As parents’ voices grow louder, there’s a perception in the progressive left that all of these emerging movements are rooted and inspired by “far-right” extremism. Many in leftist circles suggest that parental rights advocacy is a dog-whistle: a veiled attempt to advance anti-transgender policies. A recently leaked video from an Ontario Federation of Labour meeting offers a glimpse into how some of the province’s most influential union members perceive these protests. As one member notably stated during the meeting: “The fascists are organizing in the streets … . This is far more than a far-right transphobic protest. They’re fundamentally racist, they’re fundamentally anti-union, they are fundamentally transphobic, and it’s just a matter of time before they come for us.”

Such language of a growing fascist movement, evoking images of 1933 Berlin, is more than a little unhinged, particularly when all they are discussing is parents uniting together to demand involvement in their children’s education. As a covert spectator in the union meeting, there was an undeniable sentiment among participants that if not for them democracy would surely collapse.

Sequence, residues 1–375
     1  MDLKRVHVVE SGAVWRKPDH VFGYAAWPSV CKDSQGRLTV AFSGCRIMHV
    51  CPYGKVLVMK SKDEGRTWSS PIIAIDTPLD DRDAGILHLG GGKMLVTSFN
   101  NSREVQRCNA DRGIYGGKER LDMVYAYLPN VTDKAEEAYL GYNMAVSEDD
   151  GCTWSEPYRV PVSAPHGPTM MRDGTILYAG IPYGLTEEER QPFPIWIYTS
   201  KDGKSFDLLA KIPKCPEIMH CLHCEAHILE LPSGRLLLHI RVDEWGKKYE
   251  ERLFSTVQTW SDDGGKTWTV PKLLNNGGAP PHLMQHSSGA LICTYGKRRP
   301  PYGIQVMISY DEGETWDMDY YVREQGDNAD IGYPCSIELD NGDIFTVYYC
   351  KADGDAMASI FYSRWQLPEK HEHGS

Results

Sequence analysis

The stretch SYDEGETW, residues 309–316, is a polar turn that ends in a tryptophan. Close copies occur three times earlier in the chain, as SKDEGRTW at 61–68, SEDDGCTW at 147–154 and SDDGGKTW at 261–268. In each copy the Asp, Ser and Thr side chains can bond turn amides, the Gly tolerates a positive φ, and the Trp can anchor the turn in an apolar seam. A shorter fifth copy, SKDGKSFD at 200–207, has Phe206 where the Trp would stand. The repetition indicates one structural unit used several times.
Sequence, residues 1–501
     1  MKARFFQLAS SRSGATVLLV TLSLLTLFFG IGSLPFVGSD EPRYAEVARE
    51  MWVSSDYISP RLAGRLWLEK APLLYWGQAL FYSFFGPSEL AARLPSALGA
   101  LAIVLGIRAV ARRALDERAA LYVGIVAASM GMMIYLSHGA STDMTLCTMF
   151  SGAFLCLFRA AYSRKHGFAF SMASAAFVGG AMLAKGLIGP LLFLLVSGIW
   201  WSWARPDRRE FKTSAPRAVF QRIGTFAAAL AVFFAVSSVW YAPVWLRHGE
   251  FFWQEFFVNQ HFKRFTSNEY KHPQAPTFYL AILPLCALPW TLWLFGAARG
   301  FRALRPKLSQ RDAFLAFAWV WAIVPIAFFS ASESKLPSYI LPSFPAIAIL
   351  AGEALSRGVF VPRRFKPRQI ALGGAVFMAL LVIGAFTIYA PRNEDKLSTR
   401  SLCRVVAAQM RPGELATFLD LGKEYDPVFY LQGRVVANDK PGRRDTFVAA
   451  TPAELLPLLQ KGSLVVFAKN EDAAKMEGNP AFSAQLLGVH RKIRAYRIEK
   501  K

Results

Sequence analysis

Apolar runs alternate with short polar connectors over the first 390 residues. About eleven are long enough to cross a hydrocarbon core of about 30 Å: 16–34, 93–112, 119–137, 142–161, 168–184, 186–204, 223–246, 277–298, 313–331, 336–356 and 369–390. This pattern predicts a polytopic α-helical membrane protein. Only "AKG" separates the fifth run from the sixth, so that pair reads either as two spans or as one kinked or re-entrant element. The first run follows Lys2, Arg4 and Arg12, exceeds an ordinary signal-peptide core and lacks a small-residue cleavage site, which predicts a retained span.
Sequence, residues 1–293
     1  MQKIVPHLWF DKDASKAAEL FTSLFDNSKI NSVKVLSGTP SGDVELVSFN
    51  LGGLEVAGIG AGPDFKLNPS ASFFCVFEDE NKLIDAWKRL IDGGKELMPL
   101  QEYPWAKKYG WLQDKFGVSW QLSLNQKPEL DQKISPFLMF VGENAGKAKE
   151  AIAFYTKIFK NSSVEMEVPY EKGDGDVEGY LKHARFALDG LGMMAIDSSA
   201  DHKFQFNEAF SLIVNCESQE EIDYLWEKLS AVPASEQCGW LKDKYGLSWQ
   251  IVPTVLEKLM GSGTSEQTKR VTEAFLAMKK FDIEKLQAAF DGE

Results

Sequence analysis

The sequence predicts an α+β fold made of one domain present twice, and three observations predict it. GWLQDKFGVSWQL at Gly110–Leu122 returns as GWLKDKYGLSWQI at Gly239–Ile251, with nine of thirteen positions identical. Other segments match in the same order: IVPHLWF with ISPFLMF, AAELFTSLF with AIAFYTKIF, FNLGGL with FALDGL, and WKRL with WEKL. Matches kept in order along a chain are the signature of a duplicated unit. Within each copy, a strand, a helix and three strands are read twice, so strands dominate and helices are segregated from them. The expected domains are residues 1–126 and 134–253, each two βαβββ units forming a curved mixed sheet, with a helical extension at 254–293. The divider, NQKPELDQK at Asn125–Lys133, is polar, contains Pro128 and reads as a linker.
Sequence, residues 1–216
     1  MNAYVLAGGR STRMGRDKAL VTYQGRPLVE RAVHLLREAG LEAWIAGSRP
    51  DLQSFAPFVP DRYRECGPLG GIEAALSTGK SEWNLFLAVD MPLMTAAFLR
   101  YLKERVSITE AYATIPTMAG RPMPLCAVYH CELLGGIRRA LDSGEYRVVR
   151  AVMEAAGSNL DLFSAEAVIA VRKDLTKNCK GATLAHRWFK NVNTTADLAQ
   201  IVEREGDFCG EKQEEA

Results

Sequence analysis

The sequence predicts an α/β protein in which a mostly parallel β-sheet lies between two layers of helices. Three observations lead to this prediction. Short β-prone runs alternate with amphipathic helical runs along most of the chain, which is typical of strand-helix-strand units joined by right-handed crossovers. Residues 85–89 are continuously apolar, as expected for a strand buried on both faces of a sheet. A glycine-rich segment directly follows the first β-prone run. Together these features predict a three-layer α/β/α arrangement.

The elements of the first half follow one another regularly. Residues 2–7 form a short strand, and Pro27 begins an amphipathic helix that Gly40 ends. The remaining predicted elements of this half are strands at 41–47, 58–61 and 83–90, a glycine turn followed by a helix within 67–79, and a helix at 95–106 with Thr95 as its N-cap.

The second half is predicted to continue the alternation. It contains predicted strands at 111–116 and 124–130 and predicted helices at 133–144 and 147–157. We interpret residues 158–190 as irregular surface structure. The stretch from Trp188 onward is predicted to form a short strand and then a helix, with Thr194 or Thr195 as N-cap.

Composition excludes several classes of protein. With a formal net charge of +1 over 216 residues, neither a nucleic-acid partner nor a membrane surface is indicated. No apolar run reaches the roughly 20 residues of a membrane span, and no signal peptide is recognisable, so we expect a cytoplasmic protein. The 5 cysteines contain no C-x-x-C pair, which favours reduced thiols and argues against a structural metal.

It’s a grave mistake to deride the parental collective pushing back against the status-quo as fascist sympathizers motivated by transgender hate. A glance past such alarmist rhetoric reveals that — while a fringe group of hate has always existed — the concerns many parents are championing are much more moderate than a “far-right” moniker suggests.

For many parents, the core issue at hand is preserving their agency and autonomy over the ideological content of their children’s education. They want transparency about what is being taught, the option to excuse their child from content they believe doesn’t align with their values, and the discretion to determine age-appropriateness for activities, such as certain reading material or events like drag queen performances at schools. Perhaps least surprisingly, parents want to be involved in the key decisions of their own child undergoing a social transition in the classroom.

Many of these matters have been surfacing in school board meetings for several years, largely to be ignored by Trustees and Education Directors. The shared sentiment among these parents is the perception that the education system increasingly sidelines them, diminishing their role in their children’s upbringing. This sense of alienation is leading a growing number of parents to take a stand, even if it means confronting accusations of extremism.

The matter of social transition behind parents’ backs in particular is so condemning of their role in upbringing that it has thrust the entire gamut of gender identity matters into the national spotlight, revealing just how out of balance transgender accommodation has become. The manner in which the left has responded — by doubling down in their rhetoric and deriding parents as militant zealots, has played powerfully into the rapid growth of this grassroots movement.